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I am running a multiple regression looking at whether TV viewing predicts waist circumference (WC). When I ran through the tests with my tutor we placed WC as the dependant and TV as independent, then ran it again with some of the potential confounders. However, the TV variable is ordinal (1- never, 2- 0 to 59 mins, 3- 1 to 2 hours, 4- 2 to 3 hours, 5- 3 to 4 hours, 6- 4 to 5 hours, and 7- 5+ hours). Should I be recoding these as dummy variables? I also plan to run regressions with similarly collected snack food consumption ordinal data. I'm hesitant to do it differently to my tutor (who is away for 2 weeks), and think it may be too many dummy variables, but is it still ok to interpret the results as I would a continuous dataset (in terms of mins/hours)? Many thanks, Nick.

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Entering your 7 levels as dummy variables would be more appropriate to the ordinal level of measurement, but there are a few caveats to consider:

  1. This would mean estimating more parameters, which means fewer degrees of freedom and more risk of overfitting. These risks depend partly on your sample size. If you need to add other predictors and their interactions, that could compound these problems.
  2. It would complicate interpretation and testing of any simple linear or curvilinear hypotheses you might have in mind for the relationship between TV and WC.
  3. Your data aren't as messy as ordinal data can be. It seems you have a continuous time variable that may be zero-inflated (if there are plenty of of "never"s) and is right-censored (if time > 5h, you have no information on how much greater, right?) and binned. The bins are evenly spaced though, and you have at least five levels that correspond neatly to a continuum, so you may not lack too much of the information you might otherwise have with continuous measurements. Bollen and Barb (1981) found that pentachotomizing two continuous variables (i.e., splitting them into five groups, and yeah, I just made up that word) attenuated their simple correlation by about 9%, which isn't terrible compared to binning with fewer levels. If your WC measurements are continuous, then treating just this one binned variable as a continuous predictor might work okay.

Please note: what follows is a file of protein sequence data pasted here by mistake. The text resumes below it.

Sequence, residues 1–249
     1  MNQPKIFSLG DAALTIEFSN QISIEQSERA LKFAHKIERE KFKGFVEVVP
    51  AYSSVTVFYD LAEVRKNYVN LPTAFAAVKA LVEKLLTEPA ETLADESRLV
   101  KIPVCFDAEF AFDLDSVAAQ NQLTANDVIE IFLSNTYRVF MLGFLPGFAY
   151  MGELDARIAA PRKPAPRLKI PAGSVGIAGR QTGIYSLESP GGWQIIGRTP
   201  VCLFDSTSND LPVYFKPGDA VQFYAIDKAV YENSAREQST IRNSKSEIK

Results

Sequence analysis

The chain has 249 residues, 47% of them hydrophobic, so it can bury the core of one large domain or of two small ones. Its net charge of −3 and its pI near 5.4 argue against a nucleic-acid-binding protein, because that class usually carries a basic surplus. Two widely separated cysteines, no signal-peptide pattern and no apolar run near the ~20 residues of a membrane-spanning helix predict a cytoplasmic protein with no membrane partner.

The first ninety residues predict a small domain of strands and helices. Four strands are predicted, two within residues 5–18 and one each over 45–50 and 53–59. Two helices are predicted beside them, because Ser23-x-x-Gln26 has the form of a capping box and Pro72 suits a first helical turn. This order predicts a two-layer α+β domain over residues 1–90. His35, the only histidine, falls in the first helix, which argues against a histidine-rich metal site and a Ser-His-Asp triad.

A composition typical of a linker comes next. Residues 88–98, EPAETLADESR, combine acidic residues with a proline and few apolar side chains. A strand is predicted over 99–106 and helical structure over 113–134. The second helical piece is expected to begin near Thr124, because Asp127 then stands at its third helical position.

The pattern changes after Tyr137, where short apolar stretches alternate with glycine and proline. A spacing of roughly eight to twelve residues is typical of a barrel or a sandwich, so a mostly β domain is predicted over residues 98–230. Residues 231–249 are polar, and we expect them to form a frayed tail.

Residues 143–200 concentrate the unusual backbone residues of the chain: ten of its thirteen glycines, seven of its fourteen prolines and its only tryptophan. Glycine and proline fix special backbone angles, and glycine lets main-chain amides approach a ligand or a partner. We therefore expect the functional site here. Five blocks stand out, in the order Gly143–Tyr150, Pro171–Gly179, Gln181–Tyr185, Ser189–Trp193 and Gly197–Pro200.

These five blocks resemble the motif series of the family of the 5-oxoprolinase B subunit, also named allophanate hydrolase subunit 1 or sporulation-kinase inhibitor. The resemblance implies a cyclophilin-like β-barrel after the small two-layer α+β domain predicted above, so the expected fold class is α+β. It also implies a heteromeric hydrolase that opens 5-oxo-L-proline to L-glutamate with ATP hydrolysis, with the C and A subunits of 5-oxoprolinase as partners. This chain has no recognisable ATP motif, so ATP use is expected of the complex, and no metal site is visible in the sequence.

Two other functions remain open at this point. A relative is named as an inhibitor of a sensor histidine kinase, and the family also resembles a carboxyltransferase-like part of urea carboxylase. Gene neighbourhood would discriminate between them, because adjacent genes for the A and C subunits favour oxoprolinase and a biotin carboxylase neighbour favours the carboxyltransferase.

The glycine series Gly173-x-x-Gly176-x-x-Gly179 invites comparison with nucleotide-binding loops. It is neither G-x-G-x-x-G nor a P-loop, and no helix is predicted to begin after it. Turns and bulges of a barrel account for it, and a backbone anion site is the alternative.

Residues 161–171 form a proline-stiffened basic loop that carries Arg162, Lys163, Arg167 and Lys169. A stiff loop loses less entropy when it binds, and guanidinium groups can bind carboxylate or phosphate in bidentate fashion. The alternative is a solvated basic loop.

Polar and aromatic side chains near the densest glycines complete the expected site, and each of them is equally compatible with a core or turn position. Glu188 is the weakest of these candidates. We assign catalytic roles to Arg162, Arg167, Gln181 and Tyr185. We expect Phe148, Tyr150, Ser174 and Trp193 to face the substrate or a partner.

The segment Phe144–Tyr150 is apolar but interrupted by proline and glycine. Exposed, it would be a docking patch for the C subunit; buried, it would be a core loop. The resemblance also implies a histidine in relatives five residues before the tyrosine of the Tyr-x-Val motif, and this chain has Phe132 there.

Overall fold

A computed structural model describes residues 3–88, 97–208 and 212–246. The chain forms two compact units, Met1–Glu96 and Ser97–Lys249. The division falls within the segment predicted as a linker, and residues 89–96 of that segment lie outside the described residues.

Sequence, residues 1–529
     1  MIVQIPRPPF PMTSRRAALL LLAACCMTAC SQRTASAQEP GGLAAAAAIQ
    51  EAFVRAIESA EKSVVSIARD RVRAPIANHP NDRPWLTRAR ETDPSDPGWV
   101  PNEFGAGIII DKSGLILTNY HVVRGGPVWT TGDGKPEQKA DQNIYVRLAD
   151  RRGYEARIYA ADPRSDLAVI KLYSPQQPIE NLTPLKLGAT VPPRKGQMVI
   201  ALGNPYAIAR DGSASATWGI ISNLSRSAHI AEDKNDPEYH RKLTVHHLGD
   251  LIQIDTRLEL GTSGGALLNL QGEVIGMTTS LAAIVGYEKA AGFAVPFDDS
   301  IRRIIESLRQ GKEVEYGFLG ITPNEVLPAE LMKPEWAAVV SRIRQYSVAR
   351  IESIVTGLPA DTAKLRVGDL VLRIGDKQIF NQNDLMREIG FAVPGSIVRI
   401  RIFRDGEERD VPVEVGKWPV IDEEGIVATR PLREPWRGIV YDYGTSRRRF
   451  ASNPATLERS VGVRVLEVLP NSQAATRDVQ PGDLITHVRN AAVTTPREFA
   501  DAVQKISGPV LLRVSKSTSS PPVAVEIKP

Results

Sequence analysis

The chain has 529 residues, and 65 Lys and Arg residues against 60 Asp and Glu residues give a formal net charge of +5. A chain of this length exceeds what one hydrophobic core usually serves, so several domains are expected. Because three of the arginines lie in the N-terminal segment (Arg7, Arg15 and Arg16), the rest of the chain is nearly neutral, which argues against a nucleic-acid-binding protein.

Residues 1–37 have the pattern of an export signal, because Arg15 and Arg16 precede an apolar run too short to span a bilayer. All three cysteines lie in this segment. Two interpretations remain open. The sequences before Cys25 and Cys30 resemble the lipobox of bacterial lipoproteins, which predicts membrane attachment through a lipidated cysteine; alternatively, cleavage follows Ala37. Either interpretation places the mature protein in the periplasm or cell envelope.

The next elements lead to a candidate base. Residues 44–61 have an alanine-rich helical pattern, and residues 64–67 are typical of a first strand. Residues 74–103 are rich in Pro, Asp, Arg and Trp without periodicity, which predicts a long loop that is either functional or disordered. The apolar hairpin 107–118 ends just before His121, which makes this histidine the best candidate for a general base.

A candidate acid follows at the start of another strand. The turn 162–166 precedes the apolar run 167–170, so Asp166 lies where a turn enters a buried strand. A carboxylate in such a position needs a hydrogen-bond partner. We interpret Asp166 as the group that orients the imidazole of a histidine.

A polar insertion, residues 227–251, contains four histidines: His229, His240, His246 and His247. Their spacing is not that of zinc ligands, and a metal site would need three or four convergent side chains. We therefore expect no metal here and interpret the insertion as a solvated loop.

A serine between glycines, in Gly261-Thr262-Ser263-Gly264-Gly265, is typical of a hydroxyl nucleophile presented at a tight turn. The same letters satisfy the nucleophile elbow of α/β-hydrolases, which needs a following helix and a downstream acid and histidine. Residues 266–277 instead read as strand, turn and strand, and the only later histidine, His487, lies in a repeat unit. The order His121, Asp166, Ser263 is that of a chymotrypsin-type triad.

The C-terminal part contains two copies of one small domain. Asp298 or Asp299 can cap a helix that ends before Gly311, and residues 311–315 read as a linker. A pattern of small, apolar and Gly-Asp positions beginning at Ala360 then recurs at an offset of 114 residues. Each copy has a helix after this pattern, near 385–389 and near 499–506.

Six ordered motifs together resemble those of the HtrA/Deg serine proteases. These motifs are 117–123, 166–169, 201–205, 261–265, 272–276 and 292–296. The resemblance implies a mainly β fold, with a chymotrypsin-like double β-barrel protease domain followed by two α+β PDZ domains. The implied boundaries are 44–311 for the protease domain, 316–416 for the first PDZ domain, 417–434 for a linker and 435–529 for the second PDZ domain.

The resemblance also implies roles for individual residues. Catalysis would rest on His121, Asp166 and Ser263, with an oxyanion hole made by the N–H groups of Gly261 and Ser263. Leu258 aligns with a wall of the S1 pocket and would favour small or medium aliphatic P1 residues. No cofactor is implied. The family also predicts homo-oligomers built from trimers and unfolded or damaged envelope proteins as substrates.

Overfitting can be resisted and detection of a simple trend facilitated somewhat by using penalized regression to smooth the dummy coefficients (i.e., reducing differences in adjacent levels of TV). E.g., if the regression coefficients for the dummy variables corresponding to levels {3,4,5} are {.2,.5,.3} in a OLS model, they might be {.25,.43,.315} in a penalized regression model. If the reference level really is more different from level 4 than from levels 3 and 5, smoothing might not improve your predictions, but if the relationship between TV and WC in the population is actually monotonic, predictions would improve with reduction (if not elimination) of the spurious bump in the trend at level 4 (in this example). I always suggest Gertheiss and Tutz (2009) for an overview of penalized regression.


References
Bollen, K. A., & Barb, K. H. (1981). Pearson's $r$ and coarsely categorized measures. American Sociological Review, 46, 232–239. Retrieved from http://www.statpt.com/correlation/bollen_barb_1981.pdf.
Gertheiss, J., & Tutz, G. (2009). Penalized regression with ordinal predictors. International Statistical Review, 77(3), 345–365. Retrieved from http://epub.ub.uni-muenchen.de/2100/1/tr015.pdf.

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